[Issue 16 / Feb 16]
ON his way to the epicentre of political violence where men, women, and children were being mauled and ripped apart as a matter of routine – the Governor stopped his convoy, stepped down from the car, and joined the children from relief camps in a game of cricket.
The ruling party spokesman said, ‘He should try theatre. If he’s so concerned about the dispossessed, why not put his money where his mouth is? Let him donate seventy-five percent of his salary to support the evictees.’
The Governor took a seventy-five percent pay cut. He asked to have the amount put away to start a relief fund.
The ruling party spokesman said, ‘Ha! As if the pay cut’s going to hurt him. If he really cared for those who did not have enough to eat, in these times of inflation he should be able to make do with one meal a day.’
The Governor decided to skip dinner, drop the fish and dessert from his lunch.
The ruling party spokesman said, ‘What a snob! Let him give up his car and start walking to work if he can, now that oil costs 140 dollars a barrel.’
The Governor stopped using his car. The beacon atop its roof was taken off. The chauffer returned his pressed white uniform, put on a grey shirt, grimy around the insides of the collar and used the Governor’s car as part of a feeder service between the last Metro station and the rail-less small towns.
The ruling party spokesman said, ‘Just two people living in such a huge Victorian-era mansion is disgraceful. Does he even know how many on his staff is engaged in tending to the hollyhocks in his garden? If he were genuinely sorry about the homeless, he should start sharing his quarters with the less fortunate.’
The Governor invited members of the families dislodged by the very same cadres who some years back had encouraged them to occupy the very same plots the party in power now wanted to reclaim and sell to the highest bidder. Many among the evicted now living in relief camps were still traumatized by the memory of losing both land and dignity. As the Governor listened to their stories, he could sense a growing restlessness. It was only a matter of time until the splinters of rage, still smouldering inside the grieving hearts, would explode into a full-blown rebellion.
Be my guest, said the Governor to the homeless people, meaning it quite literally. The huge dining table in the banquet hall was removed to make way for a row of beds for the maimed women and the kids suckling at their breasts. The slightly older children scampered around on the pebble-covered driveway. They played hide and seek, disappearing behind the Corinthian pillars and swung from the velvet curtains on either side of the teak-panelled bay windows.
The mercury rose like a dog on heat. The air felt as heavy as a rapist’s knee pressed tight against the victim’s chest. Not a leaf stirred. The electric lights dimmed and crackled because of erratic power supply. The taps ran bone dry.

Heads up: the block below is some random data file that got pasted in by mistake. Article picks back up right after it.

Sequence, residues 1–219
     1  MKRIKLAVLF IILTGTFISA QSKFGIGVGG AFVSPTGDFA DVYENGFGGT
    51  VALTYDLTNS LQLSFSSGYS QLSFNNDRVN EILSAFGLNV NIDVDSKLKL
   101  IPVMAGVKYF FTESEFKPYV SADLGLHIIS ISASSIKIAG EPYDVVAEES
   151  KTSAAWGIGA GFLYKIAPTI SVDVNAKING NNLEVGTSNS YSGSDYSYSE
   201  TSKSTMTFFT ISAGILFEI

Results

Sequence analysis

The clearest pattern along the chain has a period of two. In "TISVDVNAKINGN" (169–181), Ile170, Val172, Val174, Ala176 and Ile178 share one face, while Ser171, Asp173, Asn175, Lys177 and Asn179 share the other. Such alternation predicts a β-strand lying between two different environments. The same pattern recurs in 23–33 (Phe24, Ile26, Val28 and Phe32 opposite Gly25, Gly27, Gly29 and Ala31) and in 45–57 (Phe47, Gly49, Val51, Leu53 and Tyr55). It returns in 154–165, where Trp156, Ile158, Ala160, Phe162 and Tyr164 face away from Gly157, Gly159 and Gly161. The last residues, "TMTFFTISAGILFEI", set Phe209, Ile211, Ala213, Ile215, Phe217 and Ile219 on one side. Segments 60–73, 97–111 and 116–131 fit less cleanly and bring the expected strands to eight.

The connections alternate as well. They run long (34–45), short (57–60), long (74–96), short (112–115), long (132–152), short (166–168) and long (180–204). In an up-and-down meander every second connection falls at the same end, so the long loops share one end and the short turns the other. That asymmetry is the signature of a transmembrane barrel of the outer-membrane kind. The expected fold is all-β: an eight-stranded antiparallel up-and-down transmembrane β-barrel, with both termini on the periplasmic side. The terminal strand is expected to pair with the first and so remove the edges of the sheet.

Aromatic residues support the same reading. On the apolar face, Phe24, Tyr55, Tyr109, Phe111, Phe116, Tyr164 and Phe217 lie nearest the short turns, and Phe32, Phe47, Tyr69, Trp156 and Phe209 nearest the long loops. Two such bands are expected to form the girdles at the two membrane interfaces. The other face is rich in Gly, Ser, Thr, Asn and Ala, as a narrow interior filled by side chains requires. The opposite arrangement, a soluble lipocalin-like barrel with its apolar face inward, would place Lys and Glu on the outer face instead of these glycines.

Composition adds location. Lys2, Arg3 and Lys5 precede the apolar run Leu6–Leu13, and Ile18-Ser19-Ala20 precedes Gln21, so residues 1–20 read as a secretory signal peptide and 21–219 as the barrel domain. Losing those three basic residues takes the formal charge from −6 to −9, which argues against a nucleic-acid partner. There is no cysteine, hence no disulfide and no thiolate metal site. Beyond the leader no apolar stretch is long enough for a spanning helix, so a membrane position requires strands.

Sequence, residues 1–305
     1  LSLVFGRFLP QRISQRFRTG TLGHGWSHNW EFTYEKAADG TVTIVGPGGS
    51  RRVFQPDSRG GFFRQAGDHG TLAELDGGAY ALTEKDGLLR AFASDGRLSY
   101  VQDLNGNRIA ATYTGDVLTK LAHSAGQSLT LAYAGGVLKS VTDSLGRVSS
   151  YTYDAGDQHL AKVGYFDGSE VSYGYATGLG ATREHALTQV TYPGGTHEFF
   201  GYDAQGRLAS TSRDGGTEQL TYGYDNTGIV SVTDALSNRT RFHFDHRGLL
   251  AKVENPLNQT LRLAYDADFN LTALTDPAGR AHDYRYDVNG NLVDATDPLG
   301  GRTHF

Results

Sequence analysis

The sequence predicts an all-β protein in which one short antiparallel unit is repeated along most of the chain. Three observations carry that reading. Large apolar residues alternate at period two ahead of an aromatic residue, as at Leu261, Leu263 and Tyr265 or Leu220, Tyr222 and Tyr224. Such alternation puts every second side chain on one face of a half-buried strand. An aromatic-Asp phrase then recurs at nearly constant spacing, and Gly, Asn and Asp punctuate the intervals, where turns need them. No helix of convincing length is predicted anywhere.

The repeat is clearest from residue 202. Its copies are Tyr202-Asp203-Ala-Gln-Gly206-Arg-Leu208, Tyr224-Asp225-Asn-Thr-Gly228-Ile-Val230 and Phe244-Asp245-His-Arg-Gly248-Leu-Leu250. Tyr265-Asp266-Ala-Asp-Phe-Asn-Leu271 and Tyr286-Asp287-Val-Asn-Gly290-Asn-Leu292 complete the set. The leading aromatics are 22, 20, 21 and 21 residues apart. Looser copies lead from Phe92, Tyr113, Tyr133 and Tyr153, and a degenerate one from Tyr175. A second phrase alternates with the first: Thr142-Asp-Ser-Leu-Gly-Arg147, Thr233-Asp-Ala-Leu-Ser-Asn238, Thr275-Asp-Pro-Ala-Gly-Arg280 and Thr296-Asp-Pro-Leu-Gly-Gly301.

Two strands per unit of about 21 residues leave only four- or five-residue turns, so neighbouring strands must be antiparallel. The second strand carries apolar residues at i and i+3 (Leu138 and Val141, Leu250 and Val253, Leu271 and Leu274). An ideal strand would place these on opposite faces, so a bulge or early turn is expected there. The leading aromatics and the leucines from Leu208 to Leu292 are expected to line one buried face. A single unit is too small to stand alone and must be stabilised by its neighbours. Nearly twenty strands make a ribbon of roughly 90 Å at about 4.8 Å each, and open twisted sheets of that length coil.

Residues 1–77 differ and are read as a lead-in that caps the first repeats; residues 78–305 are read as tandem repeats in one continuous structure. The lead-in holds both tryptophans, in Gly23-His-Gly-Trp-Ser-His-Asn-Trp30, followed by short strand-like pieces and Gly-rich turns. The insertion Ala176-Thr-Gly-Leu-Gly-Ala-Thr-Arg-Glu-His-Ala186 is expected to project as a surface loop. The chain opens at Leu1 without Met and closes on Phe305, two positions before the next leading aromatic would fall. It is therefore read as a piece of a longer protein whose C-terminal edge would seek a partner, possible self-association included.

The Governor decided he would switch off the power connection to his house. It seemed cruel to consume two megawatts of power an hour when people back home after a hard day’s work sat like zombies in the dark, wrapping a wet towel around their sweating torsos for relief. The Governor wanted to give up the privilege of uninterrupted power supply and live like most people in his city did.
The ruling party spokesman said, ‘That’s cheap gimmick. He might as well come clean and say he’s going to contest the next elections as an opposition candidate.’
Even after power was returned that day, the Governor’s house continued to look like an island of darkness. Passers-by stopped to have a look at the familiar colonial structure, lit only intermittently by the headlights from passing vehicles. Television channels with their unwieldy OB vans lined up in front of the gates, desperate for a byte but nobody could find the way to the Governor’s door in the darkness.
Finally, one of them managed to connect with the Governor on the phone. ‘So what’s next Mr Governor?’ The newswoman asked, ‘When your term ends next year, are you going to a) join the opposition, b) try to negotiate a deal with the ruling party or c) give up politics altogether and go back to writing that novel you had always wanted to?’
‘Hang on a sec,’ said the Governor. ‘Think I’d like to phone a friend to help me find the correct answer.’
But then he remembered he had given up the facility for making outgoing calls. Throwing his head back in exasperation, he nearly swore but at that precise moment before he could let the cuss words slip out his mouth, the Governor’s eyes had met those of a hairless man in annular glasses inside a framed photograph, lit up by the delicate glow of a lone candle in the hallway.
Feeling inexplicably light although his rational self kept sounding alarm bells, telling him that this was hardly the moment when he could afford to drop his guard or get distracted, the Governor looked up at the man in the photograph and asked pleasantly, ‘What about you, Bapu? Do you suppose you might have the correct answer?’
Mohandas Karamchand Gandhi smiled back at his progeny.